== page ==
"Ron, please don't be offended, but one reason you're dating Hermione isn't because, since she's Muggle-born, she was never put under the Maiden's Charm, is it?" Luna had explained it to Harry fully the day before.
Ron flushed. "No, but I thought it might be a plus in the long term. And I figured she'd be at least interested in . . . the physical side as most of us." He looked Harry in the eye again. "How far have you and Luna gone?"
"Not much further than you and Hermione," Harry answered, flushing himself. Still, he couldn't leave it at that if he wanted Ron to open up. "We have done a few full-body massages," Harry offered, not about to reveal how 'complete' some of those massages had been.
"Ah," Ron said, "the reason why you smell like lavender so often."
"Exactly," Harry said. "We slept together. . . ."
"SLEPT! Ron, as in sleep, like you and Hermione did."
"So, we slept together a few times, clothed, over break." Harry gave Ron a dirty look. "If all you want from a girl is 'the old slap and tickle,' you probably don't want to be dating Hermione."
Ron again looked a bit shamed, but pressed on. "Is it too much to ask for a little real physical affection, Harry?"
"No," Harry agreed, "no, it's not. If this is really a problem, and it seems to be, you need to talk it over with Hermione. See how she feels; don't pressure her. In her own way, she's even more shy than the rest of us."
Ron looked offended. "I haven't pressed her once in all the months we've been seriously dating!"
"I know," Harry placated.
Ron gave a deep sigh and stood, putting his shirt back on. "I guess I need to find Hermione."
Harry sought Hermione's presence in the castle. "She should be in the Officers' room."
Ron nodded, grimly and picked up his old blazer.
"Good luck," Harry said. Ron turned to look at Harry, puzzled. "I want you both to be happy," Harry explained. "It would be nicest if you were happy together."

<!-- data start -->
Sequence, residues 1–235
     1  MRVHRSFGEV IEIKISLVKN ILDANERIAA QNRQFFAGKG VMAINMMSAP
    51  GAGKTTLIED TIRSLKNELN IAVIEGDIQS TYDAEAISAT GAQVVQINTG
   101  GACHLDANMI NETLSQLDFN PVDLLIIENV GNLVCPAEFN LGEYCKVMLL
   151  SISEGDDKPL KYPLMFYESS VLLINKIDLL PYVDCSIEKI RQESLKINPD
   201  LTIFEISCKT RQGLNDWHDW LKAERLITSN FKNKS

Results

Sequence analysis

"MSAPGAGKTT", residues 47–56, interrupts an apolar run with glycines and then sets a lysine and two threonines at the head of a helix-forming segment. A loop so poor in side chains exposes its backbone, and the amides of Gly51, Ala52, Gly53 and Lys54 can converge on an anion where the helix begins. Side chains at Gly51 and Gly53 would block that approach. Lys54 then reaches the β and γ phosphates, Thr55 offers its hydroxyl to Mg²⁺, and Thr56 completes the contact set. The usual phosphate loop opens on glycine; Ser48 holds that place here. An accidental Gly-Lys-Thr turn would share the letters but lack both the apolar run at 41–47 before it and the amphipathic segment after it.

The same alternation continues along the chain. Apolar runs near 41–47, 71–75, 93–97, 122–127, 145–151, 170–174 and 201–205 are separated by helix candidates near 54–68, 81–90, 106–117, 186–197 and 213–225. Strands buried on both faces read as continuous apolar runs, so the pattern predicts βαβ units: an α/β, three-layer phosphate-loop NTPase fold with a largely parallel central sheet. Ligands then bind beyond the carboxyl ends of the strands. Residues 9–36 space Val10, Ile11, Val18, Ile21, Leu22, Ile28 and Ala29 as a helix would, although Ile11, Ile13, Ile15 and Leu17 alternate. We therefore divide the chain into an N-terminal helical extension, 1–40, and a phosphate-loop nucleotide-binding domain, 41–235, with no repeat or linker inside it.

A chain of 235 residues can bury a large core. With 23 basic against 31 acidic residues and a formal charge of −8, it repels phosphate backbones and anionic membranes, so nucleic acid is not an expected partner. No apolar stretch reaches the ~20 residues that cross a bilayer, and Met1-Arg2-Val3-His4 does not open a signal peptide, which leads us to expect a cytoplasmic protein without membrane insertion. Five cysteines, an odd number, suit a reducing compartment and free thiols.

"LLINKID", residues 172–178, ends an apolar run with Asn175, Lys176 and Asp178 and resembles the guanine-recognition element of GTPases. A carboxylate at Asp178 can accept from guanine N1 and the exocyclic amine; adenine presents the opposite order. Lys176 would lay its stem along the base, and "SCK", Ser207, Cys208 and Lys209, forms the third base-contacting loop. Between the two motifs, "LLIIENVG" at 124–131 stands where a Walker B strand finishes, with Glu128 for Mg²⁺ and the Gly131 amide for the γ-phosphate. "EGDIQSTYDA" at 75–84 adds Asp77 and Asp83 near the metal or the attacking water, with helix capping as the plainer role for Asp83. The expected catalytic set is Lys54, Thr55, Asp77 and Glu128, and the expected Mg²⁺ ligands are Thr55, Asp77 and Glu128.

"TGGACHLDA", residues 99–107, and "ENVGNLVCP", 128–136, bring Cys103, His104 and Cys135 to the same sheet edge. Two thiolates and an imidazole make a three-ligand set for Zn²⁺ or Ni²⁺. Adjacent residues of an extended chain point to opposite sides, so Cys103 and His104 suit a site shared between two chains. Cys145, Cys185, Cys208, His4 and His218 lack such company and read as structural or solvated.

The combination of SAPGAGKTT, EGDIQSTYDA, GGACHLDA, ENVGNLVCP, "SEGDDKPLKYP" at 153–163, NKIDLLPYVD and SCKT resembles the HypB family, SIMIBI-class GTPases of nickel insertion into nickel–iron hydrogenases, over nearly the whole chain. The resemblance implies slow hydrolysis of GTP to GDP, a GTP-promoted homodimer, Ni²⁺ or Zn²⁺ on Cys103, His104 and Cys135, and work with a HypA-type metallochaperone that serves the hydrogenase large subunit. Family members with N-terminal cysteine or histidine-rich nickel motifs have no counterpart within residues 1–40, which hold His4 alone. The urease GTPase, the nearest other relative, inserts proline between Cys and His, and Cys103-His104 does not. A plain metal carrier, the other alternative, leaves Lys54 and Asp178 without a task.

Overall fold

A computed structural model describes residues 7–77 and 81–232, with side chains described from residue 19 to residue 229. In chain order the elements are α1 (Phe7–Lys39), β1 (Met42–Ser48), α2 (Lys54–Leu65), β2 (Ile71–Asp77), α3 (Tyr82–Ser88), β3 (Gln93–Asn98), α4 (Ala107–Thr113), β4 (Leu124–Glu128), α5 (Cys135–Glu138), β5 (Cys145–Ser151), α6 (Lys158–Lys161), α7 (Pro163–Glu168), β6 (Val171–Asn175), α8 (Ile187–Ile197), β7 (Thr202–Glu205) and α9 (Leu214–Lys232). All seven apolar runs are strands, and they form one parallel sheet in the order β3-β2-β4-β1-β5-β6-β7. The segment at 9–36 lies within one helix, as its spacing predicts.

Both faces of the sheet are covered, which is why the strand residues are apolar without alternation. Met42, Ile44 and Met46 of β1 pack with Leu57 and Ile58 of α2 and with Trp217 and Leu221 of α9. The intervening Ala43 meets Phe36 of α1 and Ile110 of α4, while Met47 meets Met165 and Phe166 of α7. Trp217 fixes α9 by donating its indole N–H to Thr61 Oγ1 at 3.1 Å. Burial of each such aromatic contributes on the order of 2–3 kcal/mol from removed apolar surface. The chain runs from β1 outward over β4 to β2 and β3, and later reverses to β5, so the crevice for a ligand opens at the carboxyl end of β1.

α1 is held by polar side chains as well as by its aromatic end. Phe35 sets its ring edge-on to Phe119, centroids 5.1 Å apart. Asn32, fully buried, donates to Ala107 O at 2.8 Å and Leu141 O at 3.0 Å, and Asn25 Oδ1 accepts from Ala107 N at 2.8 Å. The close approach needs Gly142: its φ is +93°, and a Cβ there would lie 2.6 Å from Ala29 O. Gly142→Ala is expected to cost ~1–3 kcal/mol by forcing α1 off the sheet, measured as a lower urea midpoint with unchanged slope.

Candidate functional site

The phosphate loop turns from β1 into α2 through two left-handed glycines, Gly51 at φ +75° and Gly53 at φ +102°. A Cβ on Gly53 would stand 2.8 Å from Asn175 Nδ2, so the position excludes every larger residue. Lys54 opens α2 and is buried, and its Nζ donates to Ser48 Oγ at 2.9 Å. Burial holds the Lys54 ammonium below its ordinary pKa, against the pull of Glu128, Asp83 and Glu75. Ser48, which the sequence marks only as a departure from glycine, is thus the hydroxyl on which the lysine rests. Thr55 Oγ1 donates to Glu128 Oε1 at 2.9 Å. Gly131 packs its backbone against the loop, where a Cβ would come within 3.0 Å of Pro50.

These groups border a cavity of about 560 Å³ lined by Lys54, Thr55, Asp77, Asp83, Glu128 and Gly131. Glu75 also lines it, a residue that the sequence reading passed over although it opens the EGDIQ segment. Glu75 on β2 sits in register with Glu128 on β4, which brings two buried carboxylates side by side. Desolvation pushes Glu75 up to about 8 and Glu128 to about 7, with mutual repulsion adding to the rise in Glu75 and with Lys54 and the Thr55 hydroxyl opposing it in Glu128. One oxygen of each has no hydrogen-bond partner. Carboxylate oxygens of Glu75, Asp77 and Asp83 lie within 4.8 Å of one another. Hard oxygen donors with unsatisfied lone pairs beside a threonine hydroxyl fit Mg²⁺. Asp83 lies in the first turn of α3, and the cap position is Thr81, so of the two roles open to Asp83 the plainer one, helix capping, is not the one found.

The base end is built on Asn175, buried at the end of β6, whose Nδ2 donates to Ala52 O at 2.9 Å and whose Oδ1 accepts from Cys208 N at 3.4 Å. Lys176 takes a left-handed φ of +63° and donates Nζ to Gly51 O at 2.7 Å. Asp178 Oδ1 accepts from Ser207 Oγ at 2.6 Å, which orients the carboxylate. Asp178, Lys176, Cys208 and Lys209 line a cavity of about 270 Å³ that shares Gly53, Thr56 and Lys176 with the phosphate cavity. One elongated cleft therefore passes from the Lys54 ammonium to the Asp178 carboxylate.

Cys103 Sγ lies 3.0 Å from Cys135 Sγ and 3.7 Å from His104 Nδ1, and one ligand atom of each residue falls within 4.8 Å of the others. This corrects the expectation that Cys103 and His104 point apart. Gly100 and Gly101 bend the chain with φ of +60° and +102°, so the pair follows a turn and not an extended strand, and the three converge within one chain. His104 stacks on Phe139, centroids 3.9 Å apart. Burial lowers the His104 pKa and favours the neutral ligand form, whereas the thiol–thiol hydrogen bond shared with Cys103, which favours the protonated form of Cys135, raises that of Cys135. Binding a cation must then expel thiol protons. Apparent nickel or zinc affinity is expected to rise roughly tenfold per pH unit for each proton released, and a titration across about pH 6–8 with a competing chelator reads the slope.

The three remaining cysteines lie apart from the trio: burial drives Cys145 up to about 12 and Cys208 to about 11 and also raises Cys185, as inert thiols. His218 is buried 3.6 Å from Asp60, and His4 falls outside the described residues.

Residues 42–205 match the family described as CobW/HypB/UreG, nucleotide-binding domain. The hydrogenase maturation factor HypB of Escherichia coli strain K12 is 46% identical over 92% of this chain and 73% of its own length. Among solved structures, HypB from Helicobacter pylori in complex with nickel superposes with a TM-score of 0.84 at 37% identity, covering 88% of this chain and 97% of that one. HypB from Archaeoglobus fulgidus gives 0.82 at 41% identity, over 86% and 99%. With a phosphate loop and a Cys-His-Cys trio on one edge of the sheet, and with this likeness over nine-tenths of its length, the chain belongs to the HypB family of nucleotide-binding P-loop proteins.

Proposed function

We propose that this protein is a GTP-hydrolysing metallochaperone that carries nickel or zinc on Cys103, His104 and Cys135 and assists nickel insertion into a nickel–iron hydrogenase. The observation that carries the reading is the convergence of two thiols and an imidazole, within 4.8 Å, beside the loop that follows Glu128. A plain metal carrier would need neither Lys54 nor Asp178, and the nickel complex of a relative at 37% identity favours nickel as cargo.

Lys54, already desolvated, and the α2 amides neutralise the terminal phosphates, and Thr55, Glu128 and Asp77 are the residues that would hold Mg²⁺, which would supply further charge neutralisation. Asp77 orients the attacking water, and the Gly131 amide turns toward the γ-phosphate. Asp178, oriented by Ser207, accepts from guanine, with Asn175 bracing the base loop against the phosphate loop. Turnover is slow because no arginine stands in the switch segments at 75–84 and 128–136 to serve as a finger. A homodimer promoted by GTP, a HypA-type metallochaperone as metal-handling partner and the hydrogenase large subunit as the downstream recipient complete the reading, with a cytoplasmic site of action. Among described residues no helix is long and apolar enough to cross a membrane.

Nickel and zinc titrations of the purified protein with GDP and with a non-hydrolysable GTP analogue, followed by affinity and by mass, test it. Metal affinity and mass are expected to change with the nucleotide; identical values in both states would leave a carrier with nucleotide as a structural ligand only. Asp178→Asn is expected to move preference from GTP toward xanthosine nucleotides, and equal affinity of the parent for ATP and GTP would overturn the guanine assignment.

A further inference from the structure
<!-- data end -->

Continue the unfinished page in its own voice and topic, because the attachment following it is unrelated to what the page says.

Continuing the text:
Ron managed a wan smile and left.
"This isn't likely to be good," Harry muttered to himself. Harry and Luna had seen that the snogging game had, if anything, made Hermione decide that the physical side of life was so seducing that she was likely to want to put it off until after Hogwarts, perhaps until she got her career started. Harry rushed off to the library, where Ginny and Luna were working with Gin and Georgia on a history project together. He briefed the pair as much as he could without betraying his conversation with Ron, and was back in the dorm room, reading a Charms assignment, long before a dejected Ron made it back into the room.
"What happened?" Harry asked sympathetically.
"We . . . Hermione said she wasn't ready to go further, and that if I was, we should. . . ." Ron plopped on the bed.
Harry walked over and stood next to Ron. "I'm really sorry, Ron," Harry said sincerely.
Ron gave Harry a very weak smile. "Thanks, I guess." He shrugged. "What can I say? Do you mind if I'm alone for a while?"
Harry gave his friend a twisted smiled. "How could I, of all people, object? I will bug you in the morning if you're even half as mopey as I get."
Harry turned to leave. He heard Ron sobbing quietly before he shut the door.
The next morning, Ron and Hermione merely nodded at each other, rather than kiss each other lightly on the cheek, as they had since they had faced the boggart together. All Sunday morning, there was a distance between then that had not existed since their Fourth year, but there didn't seem to be much tension between them, let alone any anger. It seemed both were more sad over the break-up than in any way upset.
The rest of the group took note, and by the end of breakfast, the other girls understood what had happened. None commented. Word was spread as the students trickled in from the winter holiday (not all the students came on the Hogwarts Express). By the March Monday morning, everyone seemed to reach an understanding of the situation, and Ron and Hermione led the Gryffindors into the great hall as they usually did.